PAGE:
THE official title was the Hampshire County (Meat) Pie Scheme and almost 70 years ago the Government was convinced this was a major weapon in Britain’s wartime arsenal.
Following the long-standing principle an army marches on its stomach the authorities decided that pies would be the answer to problem of maintaining civilian morale.
For most of the Second World War and the following eight years up to 1953 thousands of pies were made each week and then sold to the public as cheap, nutritious food.
People living in the heart of the Hampshire countryside, away from the main centres of population where, despite the wartime shortages, shoppers could find a wider choice of food, especially
welcomed the regular appearance of pies.
According to official figures, anything up to 156,000 pies a week were produced at the height of the scheme, which was originally brought in by the Government as part of the “Dig for Victory’’
On December 23, 1953, the Daily Echo reported Hampshire’s pie scheme, with its organisational headquarters at the Castle in Winchester, was to be finally wound up.
“For thousands of villagers. . . it will cause a deep and meaningful sigh of regret.”
The Daily Echo in 1953 on the closure of the Pie Scheme
“For thousands of villagers and those in remote hamlets it will cause a deep and meaningful sigh of regret,’’ said the Daily Echo.
“The scheme, which in the days of rationing brought that little extra to the larder in rural homes cut off from some of the sources for supplementing the ration, has outlived its usefulness.’’ The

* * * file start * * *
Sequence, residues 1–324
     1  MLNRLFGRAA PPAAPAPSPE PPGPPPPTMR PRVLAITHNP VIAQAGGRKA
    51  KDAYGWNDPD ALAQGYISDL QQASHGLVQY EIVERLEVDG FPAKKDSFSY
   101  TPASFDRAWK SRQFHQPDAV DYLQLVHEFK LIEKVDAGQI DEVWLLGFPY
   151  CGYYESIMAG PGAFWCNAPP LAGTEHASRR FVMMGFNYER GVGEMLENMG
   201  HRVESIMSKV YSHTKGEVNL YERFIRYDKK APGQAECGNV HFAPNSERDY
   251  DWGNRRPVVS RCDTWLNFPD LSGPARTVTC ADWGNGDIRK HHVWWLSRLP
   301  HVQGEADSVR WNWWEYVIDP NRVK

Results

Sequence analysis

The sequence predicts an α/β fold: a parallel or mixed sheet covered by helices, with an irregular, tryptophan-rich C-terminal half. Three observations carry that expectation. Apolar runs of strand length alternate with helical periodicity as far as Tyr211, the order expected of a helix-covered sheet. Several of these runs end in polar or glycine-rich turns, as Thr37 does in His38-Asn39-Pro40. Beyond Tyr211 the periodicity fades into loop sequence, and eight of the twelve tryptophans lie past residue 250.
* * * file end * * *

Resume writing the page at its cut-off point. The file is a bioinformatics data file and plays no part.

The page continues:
Ministry of Food’s “Agricultural Pie Scheme’’ began in 1941, and then the following year it was passed to the county branch of the Women’s Voluntary Service (WVS).
In 1943, owing to the scheme’s expansion, Whitehall decreed that each county should establish a special committee to administer and control the production of pies.
The scheme continued to grow rapidly, and at the peak period there was a weekly delivery of more than 120,000 pie meals with an additional 36,000 at certain times of the year such as hop-picking
and gathering the harvest.
Voluntary distributors were appointed and licensed, while statistics detailing the number of pies produced were sent to the Ministry of Food.
Pies were sent to railway stations across Hampshire and then delivered by members of the Voluntary Car Pool organisation but in areas where there was no train service the food was taken to the WVS
and then, after 1948, to shops by the county scheme’s own van.
Over the years the profit from selling pies, at four pence (2p) each, began to mount up and so the Government instructed the various county organisations to spend the money on local charitable
The Daily Echo said: “Now, in 1953, it is felt that the scheme has achieved its purpose and has therefore been wound up and a final distribution of the profits made.
“The money is being used for village halls, their repairs, heating, lighting, furnishing, various kitchen equipment; for playing fields and children’s playground equipment; towards building bus
shelters; towards the cost of wireless installation at cottage hospitals; for boy scouts and girl guides and church repair funds.’’